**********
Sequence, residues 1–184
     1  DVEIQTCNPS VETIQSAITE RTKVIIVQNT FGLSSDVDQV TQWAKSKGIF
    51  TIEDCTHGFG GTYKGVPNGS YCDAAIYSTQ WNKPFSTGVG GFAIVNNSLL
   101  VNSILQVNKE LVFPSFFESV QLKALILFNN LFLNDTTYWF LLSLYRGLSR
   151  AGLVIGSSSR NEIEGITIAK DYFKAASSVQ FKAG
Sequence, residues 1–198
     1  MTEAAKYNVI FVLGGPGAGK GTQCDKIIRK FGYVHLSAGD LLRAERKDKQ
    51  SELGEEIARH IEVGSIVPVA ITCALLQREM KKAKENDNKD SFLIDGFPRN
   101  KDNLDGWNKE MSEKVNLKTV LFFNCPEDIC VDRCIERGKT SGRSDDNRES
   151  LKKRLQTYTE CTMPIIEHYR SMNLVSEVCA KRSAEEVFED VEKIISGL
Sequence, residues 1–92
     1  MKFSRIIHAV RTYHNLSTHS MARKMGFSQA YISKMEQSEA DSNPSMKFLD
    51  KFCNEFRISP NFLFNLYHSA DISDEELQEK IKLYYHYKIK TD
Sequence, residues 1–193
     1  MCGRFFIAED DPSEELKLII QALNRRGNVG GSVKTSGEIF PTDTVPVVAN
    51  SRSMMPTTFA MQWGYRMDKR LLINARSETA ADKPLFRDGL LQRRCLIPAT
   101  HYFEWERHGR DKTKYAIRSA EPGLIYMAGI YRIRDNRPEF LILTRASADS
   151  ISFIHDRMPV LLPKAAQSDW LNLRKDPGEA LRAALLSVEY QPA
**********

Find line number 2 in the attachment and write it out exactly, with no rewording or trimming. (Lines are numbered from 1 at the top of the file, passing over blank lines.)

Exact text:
     1  DVEIQTCNPS VETIQSAITE RTKVIIVQNT FGLSSDVDQV TQWAKSKGIF